McHale: “Exchange 2.0" complement to, not replacement of, people-to-people exchanges
In her remarks at the Exchange 2.0 Summit on Tuesday, Under Secretary of State for Public Diplomacy and Public Affairs Judith McHale spoke about the “peace-building power of intercultural understanding” and stressed the need for integrating connective technologies into the U.S.’ exchange efforts.
International exchanges are vital to U.S. foreign policy and a major element of the Department of State’s public diplomacy framework, the Under Secretary explained, noting that exchanges should be complemented with, not replaced by, connective technologies, such as online classrooms. Connective technologies are vital in ensuring a timely and broad outreach to and engagement with a more diverse audience all over the world via Internet and cell phones. Furthermore, “exchanges using social media technology cost relatively little to implement but can return large benefits.”
Concerning the necessity of strengthening and expanding both people-to-people exchanges and connective technologies as complements to each other, the Under Secretary said that while “face-to-face interactions are the bread and butter of our public diplomacy exchanges…connective technologies allow us to butter our bread on both sides.” In addition,
“When we promote exchanges that build skills and empower youth to be a positive force for change in their communities, we help throw open the doors of opportunity around the world. When we foster networks that connect people in one country with their colleagues around the globe, we build bridges and mine resources that help people reach their full potential. When we advocate and educate young people to be leaders in their own countries – not because it is good for the United States, but because it is right for the world – we bring the true American spirit to life for people everywhere.”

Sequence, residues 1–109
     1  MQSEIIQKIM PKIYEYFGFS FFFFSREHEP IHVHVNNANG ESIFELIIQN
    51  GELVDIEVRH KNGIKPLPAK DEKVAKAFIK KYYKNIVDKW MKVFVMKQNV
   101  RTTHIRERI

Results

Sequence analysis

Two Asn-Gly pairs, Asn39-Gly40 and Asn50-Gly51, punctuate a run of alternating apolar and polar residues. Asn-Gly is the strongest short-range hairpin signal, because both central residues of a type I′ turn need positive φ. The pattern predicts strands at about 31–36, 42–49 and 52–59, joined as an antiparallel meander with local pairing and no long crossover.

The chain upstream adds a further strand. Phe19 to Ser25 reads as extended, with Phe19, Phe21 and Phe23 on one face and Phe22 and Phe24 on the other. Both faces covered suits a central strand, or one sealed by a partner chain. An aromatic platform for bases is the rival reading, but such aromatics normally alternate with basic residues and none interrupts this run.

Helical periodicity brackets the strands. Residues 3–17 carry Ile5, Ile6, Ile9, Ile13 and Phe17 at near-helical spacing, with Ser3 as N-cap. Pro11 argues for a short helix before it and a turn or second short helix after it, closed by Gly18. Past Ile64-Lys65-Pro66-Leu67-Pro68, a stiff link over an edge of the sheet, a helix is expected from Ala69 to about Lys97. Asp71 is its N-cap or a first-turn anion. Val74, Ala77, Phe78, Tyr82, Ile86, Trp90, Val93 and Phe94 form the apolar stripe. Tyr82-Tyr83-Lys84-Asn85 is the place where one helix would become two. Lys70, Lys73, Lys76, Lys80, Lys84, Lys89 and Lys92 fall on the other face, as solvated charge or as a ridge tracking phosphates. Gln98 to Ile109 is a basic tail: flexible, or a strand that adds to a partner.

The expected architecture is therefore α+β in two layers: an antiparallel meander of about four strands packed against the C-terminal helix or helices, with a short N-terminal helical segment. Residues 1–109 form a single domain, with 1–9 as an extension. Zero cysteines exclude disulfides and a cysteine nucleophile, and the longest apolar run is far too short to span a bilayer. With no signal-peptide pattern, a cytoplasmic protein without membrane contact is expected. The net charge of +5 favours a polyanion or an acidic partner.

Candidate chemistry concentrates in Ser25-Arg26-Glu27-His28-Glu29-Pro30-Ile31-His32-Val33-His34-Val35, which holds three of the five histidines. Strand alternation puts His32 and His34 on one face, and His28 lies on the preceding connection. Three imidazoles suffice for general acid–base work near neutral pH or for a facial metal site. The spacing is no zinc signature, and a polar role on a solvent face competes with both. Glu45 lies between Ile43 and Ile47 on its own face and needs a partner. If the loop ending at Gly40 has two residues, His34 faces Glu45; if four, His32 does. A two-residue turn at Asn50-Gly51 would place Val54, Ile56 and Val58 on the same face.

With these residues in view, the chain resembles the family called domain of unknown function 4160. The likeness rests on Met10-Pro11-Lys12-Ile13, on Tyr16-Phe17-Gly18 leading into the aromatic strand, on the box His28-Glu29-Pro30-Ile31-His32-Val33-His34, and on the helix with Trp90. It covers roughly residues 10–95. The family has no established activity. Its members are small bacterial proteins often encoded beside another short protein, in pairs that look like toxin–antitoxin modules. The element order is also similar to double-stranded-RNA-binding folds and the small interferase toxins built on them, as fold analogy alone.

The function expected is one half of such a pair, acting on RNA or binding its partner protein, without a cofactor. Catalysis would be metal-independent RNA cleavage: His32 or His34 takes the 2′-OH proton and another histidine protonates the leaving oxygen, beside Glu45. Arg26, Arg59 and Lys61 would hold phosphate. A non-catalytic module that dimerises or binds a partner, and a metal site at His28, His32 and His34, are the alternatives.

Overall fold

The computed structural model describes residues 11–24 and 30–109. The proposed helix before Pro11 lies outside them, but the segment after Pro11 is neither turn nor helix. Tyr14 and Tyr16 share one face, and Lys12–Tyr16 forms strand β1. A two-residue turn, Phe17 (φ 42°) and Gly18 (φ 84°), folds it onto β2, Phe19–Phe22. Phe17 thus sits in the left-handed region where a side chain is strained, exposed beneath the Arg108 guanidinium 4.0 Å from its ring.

Allan Goodman, President and CEO of the Institute of International Education (IIE), who was among the Summit’s speakers, also stressed the importance of making use of technology to strengthen and complement people-to-people exchanges:
“Technology has a great potential to further broaden and deepen exchange experience, by offering innovative ways to connect students before, during and after their exchange experiences, and to help forge lasting connections between the students and their host communities. There is no question young people – from very early ages – are already using technology to connect with one another. The question before us is how to harness that power productively to further the mission of educational and cultural exchange. We need to be sure that Exchange 2.0 programming and use of technology can serve as a complement to people-to-people exchange programs.”